A major oil company will turn its back on fossil fuels
A former industry advisor predicts that one of the major IOCs will take the step in the next three years
At least one of the major oil companies, perhaps Total or Statoil, will turn its back on fossil fuels within the next three years, following in the footsteps of European utility E.ON, a former industry advisor predicts.
The day after Jeremy Leggett, an award-winning scientist, who has had consultations on climate change with senior oil company executives over the past 25 years, aired his views in public, he received a plethora of “interesting emails”, including one from a former senior BP executive.
“He said that I’m making a very big bet, but he added it would take at least five years,” Leggett, who has advised both BP and Shell in the past, tells Petroleum Economist.
The green-energy entrepreneur, who advocates embracing renewable energy and a rapid managed withdrawal from fossil fuels, says that the climate narratives playing out today remind him of the run-up to BP breaking with the pack with its “beyond petroleum” campaign in the late 1990s.
In a ground-breaking speech by BP’s then chief executive, John Browne, in 1997, the British supermajor announced to the world its decision to accept climate change was occurring and its intention to cut BP’s contribution to it.
Solar energy was officially moved up to the big table on par with BP’s three other lines of business – exploration, oil and chemicals. And the company pledged to stop lobbying against cleaner forms of energy, while cutting its greenhouse gas emissions.
After Browne’s resignation, the company exited solar in 2011.
Nevertheless, this time round, when one of the oil companies breaks ranks, it will stick, believes Leggett, who is also chairman of think-tank Carbon Tracker Initiative.
It’s happened already in the utility industry. German company E.ON recently announced it would spin off its fossil-fuel assets into a legacy holding company separate from its core future-growth orientated renewable energy business.
Aside from E.ON, there are top-to-bottom strategic reviews going on across the utility, as well as the oil and gas business.
“It will be really interesting to see which is the first oil and gas player to break from the pack, although I fear BP and Shell are going backwards not forwards on carbon,” says Leggett.
Of course, compared to the utility sector, the oil and gas business is a different kettle of fish. But there is an overlap between electricity and transport that at some point means real concerns over the threats to conventional business models are going to intersect with growing pressure on capital expenditure, which will remain severe, even if oil prices rebound, says Leggett.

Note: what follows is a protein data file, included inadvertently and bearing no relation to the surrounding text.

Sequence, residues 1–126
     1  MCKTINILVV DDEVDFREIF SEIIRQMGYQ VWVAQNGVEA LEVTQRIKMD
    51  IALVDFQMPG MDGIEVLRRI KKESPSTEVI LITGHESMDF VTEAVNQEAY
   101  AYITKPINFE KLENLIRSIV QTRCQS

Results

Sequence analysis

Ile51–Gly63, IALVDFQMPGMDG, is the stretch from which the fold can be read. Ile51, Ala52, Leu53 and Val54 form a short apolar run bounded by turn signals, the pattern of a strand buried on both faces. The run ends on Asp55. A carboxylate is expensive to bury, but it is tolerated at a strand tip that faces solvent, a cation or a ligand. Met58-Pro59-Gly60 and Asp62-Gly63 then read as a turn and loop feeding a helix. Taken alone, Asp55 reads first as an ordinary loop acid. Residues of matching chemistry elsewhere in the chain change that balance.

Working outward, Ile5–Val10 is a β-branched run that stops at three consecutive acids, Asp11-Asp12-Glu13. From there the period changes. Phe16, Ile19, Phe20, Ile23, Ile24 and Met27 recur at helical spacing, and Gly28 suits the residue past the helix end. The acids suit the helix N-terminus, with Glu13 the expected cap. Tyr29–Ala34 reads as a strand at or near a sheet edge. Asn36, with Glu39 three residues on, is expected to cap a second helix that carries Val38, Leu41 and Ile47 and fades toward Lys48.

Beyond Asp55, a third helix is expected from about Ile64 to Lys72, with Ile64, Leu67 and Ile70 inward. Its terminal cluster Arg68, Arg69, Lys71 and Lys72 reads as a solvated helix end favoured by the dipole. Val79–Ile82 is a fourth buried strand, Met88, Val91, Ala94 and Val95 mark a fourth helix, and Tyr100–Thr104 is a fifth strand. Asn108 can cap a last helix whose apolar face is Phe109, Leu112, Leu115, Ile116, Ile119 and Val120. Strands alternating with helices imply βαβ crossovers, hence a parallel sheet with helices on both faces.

At the moment those thinking hardest about these threats to their business models, as well as contemplating a managed retreat from fossil fuels in the same way that E.ON has, are French major Total and Norwegian national oil company Statoil, he adds.
“You have got to identify the point at which it’s all going to be thoroughly changed and you have got to map back from it,” says Leggett.
In strategic terms, the point to map back from is zero carbon in the energy system, not the electricity system. The year 2050 has been earmarked because more than 100 governments want that in the next UN climate treaty being readied for signing in Paris later this year.
Still, the first oil company to take the plunge will have a substantial advantage over its competitors. They can go on a big shopping spree and snap up substantial valuable assets across the clean energy spectrum, he adds.
Leggett, who still meets regularly with senior industry executives, feels the energy business is privately aware of the problems it faces as the costs to extract hydrocarbons escalates while the costs of solar and other new technologies are dropping.
In their favour, renewables not only exhibit falling costs, but zero price volatility, lower carbon emissions and greater security of supply, as an indigenous energy source.
Both Statoil and Total are taking positive steps towards a non-fossil fuel orientated future.
Total is heavily invested in solar as it expects the renewable source to make up a significant chunk of the energy mix in the longer run. It has spent more than $2 billion in the sector after buying a 60% stake in panel maker Sunpower in 2011.
“It’s clear we believe in renewables and have taken a big bet on solar,” Vincent Schachter, vice president research and development at Total New Energies, tells Petroleum Economist.
“Frankly, three years ago not many larger players were willing to take such a bet. At the time is was a scary bet and for a while the solar industry was really hard. But we’re quite happy where we are now,” he adds.
The French company also supports several clean-tech start-ups with different promising technologies, mainly through Total Energy Ventures, its corporate venture capital arm.